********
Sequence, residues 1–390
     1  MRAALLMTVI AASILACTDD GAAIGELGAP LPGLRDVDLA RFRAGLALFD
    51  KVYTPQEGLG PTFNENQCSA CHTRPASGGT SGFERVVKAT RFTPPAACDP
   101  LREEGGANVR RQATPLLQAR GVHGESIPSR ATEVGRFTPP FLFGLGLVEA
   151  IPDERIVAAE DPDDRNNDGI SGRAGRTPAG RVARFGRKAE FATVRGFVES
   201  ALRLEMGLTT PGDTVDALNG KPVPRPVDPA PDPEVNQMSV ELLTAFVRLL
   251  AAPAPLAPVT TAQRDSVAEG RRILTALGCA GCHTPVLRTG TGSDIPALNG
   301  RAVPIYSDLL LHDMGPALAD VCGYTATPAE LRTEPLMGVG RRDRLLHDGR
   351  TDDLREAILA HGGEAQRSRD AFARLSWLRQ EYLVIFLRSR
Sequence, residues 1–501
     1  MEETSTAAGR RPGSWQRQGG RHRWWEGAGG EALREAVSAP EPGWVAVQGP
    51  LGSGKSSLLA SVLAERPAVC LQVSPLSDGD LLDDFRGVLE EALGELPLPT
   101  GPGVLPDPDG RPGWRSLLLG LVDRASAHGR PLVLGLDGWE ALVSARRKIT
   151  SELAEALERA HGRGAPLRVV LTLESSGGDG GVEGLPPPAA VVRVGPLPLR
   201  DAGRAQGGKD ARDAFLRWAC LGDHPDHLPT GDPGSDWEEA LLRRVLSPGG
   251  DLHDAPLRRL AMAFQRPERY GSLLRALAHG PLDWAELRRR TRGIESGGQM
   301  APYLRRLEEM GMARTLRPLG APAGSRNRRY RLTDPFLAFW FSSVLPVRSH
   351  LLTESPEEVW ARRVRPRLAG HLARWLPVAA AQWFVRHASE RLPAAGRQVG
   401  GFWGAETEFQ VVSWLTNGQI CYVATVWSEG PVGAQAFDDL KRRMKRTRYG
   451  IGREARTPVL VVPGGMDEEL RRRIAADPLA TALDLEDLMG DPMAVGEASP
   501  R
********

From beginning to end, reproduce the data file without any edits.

Sequence, residues 1–390
     1  MRAALLMTVI AASILACTDD GAAIGELGAP LPGLRDVDLA RFRAGLALFD
    51  KVYTPQEGLG PTFNENQCSA CHTRPASGGT SGFERVVKAT RFTPPAACDP
   101  LREEGGANVR RQATPLLQAR GVHGESIPSR ATEVGRFTPP FLFGLGLVEA
   151  IPDERIVAAE DPDDRNNDGI SGRAGRTPAG RVARFGRKAE FATVRGFVES
   201  ALRLEMGLTT PGDTVDALNG KPVPRPVDPA PDPEVNQMSV ELLTAFVRLL
   251  AAPAPLAPVT TAQRDSVAEG RRILTALGCA GCHTPVLRTG TGSDIPALNG
   301  RAVPIYSDLL LHDMGPALAD VCGYTATPAE LRTEPLMGVG RRDRLLHDGR
   351  TDDLREAILA HGGEAQRSRD AFARLSWLRQ EYLVIFLRSR
Sequence, residues 1–501
     1  MEETSTAAGR RPGSWQRQGG RHRWWEGAGG EALREAVSAP EPGWVAVQGP
    51  LGSGKSSLLA SVLAERPAVC LQVSPLSDGD LLDDFRGVLE EALGELPLPT
   101  GPGVLPDPDG RPGWRSLLLG LVDRASAHGR PLVLGLDGWE ALVSARRKIT
   151  SELAEALERA HGRGAPLRVV LTLESSGGDG GVEGLPPPAA VVRVGPLPLR
   201  DAGRAQGGKD ARDAFLRWAC LGDHPDHLPT GDPGSDWEEA LLRRVLSPGG
   251  DLHDAPLRRL AMAFQRPERY GSLLRALAHG PLDWAELRRR TRGIESGGQM
   301  APYLRRLEEM GMARTLRPLG APAGSRNRRY RLTDPFLAFW FSSVLPVRSH
   351  LLTESPEEVW ARRVRPRLAG HLARWLPVAA AQWFVRHASE RLPAAGRQVG
   401  GFWGAETEFQ VVSWLTNGQI CYVATVWSEG PVGAQAFDDL KRRMKRTRYG
   451  IGREARTPVL VVPGGMDEEL RRRIAADPLA TALDLEDLMG DPMAVGEASP
   501  R